TE MANUHIRI TUARANGI AND THE MAORI INTELLIGENCER " Kia Whakakotahitia te Maori me te pakeha."
AUCKLAND, MAY 15, 1861AKARANA, MEI 15, 1861.
[Nos. 4 & 5
LET THE PAKEHA AND THE MAORI BE UNITED."
THE Ngatiawa, tired of fighting, have at length laid down their arms, and the Ngatiruanui, Taranaki, and Waikato, have retired from the late scene of conflict to their own coun- try.
Early in March last, some of the Waikato chiefs expressed a desire that the war should be brought to a close. Wiremu Tamihana Tara- pipipi, of the Ngatihaua, accordingly went to Taranaki, add wrote a letter to Major-General Pratt, the Com- mandor of the Forces, praying for a truce of three days, that he might have an opportunity of consulting with the insurgent natives about making peace. The armistice vvas
' KIA WHAKAKOTAHITIA TE PAKEHA ME TE MAORI."
Ko te pakanga kei Taranaki kua mutu: he hohatanga ua Ngatiawa te mea i whakamutua ai e ratou te whawhai; a, ko Ngatiruanui, ko Taranaki, ratou ko Waikato, kua mahue tia te takiwa i kekeri ai, a, kua motu mai ano ki o ratou kai- nga.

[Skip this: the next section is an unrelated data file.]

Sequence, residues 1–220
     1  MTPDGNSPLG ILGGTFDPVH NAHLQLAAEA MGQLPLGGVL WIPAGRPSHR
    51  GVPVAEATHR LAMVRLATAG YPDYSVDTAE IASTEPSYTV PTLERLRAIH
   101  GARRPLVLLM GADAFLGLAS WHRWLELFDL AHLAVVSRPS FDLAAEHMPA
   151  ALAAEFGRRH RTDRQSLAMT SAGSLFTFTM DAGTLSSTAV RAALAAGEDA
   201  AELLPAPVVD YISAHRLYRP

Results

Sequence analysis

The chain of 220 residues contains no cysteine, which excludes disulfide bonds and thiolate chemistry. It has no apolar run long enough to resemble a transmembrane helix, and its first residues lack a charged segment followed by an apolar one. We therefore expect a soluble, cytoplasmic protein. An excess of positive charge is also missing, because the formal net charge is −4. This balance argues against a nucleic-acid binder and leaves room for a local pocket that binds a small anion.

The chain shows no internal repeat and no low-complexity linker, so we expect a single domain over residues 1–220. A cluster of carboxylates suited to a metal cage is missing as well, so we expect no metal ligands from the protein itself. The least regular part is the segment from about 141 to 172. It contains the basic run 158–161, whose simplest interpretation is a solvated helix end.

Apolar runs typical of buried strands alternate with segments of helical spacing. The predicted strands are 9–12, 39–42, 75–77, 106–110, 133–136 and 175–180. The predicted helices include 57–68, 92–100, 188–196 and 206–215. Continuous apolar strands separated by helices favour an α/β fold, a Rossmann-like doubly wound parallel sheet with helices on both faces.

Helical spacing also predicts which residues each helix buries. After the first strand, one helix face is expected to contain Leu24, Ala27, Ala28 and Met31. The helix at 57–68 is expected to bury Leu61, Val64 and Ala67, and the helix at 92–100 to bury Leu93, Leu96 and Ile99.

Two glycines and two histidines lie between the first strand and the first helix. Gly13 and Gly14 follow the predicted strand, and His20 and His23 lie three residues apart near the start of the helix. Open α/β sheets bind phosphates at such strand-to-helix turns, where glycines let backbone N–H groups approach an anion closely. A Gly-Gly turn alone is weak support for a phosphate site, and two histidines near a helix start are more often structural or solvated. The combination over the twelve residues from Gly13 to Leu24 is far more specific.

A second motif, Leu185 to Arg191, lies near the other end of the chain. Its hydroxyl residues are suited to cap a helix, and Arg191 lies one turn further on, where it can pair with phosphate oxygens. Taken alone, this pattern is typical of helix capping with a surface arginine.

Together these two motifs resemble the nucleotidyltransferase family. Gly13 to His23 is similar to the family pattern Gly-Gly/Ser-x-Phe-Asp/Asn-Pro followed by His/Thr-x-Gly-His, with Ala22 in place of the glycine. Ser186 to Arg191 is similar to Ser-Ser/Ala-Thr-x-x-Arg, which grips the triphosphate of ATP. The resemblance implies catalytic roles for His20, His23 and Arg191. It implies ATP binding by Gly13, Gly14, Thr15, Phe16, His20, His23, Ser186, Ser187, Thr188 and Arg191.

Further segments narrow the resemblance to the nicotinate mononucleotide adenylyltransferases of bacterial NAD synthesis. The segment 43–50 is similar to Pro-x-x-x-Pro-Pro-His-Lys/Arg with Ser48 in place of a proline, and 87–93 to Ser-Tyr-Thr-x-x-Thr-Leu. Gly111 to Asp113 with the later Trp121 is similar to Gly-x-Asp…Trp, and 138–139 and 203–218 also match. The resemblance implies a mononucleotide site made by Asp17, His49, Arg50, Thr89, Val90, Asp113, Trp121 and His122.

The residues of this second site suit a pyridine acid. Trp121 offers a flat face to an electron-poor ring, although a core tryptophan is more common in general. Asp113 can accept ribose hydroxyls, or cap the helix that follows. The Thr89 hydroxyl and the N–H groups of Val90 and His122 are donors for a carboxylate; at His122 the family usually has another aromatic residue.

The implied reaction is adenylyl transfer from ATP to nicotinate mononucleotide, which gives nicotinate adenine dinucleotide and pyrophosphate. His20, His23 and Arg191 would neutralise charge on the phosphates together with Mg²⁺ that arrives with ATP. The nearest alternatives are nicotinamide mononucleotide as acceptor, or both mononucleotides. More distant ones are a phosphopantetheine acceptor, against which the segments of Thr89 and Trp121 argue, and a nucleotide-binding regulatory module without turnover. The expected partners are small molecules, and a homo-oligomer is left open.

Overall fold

No te timatanga o Maehe, i puta ai te kupu a etahi o nga Rangatira o Waikato, kia whakamutua te wha- whai. Na reira a Wiremu Tame- hana Tarapipipi i haere ai ki Tara- naki: a, tuhituhia ana e ia tona pukapuka ki a Parati (ara, ki te tino Rangatira Hoia) kia purutia te whawhai mo nga ra e toru, kia puta ai tana kupu ki nga tangata Maori o i te whawhai, kia houhia te rongo.